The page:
Today in ‘automation is better’ news, a contractor in Atlanta is facing a $30,000 water bill for a lot that doesn’t even have a connection to a water line.
Jeff Raw, president and CEO of Revive Construction Group said he hadn’t even started construction yet on a site in Atlanta’s East Lake neighborhood when he received huge bills from Atlanta Watershed Management.
He tried to get his bill adjusted and even went to the utility company’s appeals board, but was denied the chance to change the bill, a report from Yahoo Finance, citing a FOX 5 Atlanta investigation, said.
“I feel like it’s extortion,” he said. “This is criminal.”
Atlanta Watershed Management set up a standalone water meter on an undeveloped plot in October 2022. Within a month, Revive Construction received a bill for $8,899, allegedly for using 305,184 gallons of water, far exceeding the EPA’s average household usage of 9,000 gallons per month.
Over five months, bills totaled $29,669.43 for over a million gallons of water, which the construction company appealed. The Atlanta Watershed Management appeals board suggested the water was used, leaked, or stolen. Raw, from Revive Construction, criticized the board, feeling accused of stealing.
Initially, the utility company acknowledged a leak and reduced the bill to $219.29, but then reverted to the original $30,000 charge. Raw’s appeal against this decision failed, even though a senior utility employee supported his case.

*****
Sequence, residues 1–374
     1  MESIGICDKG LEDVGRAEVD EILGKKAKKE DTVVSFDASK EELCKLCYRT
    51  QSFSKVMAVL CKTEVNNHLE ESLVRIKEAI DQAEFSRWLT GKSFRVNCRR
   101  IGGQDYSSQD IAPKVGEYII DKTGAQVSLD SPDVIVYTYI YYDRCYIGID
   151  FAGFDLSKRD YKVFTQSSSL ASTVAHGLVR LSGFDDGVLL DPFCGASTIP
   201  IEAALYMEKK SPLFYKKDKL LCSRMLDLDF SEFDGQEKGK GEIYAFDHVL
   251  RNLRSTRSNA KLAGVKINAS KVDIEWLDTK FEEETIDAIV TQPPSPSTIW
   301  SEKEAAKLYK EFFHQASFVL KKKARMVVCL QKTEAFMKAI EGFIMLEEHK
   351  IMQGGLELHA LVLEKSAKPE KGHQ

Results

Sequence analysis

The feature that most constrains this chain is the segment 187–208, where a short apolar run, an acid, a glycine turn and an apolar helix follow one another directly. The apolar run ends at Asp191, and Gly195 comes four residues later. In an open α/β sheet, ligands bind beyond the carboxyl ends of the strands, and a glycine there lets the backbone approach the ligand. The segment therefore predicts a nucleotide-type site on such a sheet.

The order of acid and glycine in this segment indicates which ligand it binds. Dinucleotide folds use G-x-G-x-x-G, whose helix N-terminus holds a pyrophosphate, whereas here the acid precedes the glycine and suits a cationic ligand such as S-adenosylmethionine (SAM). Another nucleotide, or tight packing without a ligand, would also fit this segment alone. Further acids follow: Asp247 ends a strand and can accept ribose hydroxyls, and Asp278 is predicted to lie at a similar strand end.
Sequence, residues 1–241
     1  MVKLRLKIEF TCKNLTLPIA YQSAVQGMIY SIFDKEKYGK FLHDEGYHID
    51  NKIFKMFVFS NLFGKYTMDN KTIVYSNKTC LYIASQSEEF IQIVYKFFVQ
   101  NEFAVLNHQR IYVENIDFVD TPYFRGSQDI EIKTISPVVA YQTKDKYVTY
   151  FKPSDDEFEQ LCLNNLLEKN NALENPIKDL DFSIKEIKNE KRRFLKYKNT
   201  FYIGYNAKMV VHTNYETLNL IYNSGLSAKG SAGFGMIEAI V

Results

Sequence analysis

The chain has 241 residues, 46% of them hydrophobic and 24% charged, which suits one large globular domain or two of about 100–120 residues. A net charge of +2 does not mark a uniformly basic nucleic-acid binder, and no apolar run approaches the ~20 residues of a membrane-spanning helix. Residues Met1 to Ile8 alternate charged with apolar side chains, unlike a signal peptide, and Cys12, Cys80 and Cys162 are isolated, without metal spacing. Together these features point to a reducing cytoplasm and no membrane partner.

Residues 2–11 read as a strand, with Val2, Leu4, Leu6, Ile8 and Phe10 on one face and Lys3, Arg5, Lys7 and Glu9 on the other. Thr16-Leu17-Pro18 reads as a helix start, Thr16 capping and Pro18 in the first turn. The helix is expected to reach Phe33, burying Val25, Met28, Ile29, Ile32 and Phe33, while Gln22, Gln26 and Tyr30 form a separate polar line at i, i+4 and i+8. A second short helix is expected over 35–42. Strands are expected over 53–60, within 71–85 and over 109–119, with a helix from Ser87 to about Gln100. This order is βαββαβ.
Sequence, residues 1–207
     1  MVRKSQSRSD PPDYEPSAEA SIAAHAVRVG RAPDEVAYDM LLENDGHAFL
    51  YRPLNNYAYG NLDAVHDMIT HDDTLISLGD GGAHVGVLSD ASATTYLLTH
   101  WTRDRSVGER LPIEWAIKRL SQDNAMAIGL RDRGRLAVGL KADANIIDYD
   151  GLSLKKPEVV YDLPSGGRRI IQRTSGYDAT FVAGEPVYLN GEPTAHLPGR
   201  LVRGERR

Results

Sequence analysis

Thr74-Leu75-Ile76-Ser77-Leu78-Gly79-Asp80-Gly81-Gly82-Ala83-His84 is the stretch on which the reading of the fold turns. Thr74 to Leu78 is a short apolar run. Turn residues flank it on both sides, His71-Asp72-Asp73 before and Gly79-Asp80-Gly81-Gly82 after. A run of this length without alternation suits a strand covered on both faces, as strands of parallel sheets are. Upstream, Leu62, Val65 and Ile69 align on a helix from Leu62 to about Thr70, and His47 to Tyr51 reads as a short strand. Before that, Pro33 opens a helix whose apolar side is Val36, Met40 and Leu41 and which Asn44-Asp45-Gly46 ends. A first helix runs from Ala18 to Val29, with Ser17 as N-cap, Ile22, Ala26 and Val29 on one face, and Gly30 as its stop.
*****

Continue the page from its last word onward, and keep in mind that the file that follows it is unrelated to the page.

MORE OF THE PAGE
As the article notes, if you’re faced with an unexpectedly high water bill, don’t rush to pay it. Instead, take steps to confirm your actual water use and address any discrepancies.
Start by comparing your water meter reading with the one on your bill. A mismatch can serve as proof in seeking a bill adjustment. If the bill is accurate, your next step is to check for leaks. Turn off all water sources and monitor the meter. If it continues to move, you likely have a leak, often found in toilets.
Prompt action is crucial in case of leaks to avoid extensive water damage and potential insurance claims, adding to your financial burden. Hiring a plumber for leak detection and repair is advisable. Keep detailed records, like the plumber’s report, to substantiate your case for a bill correction.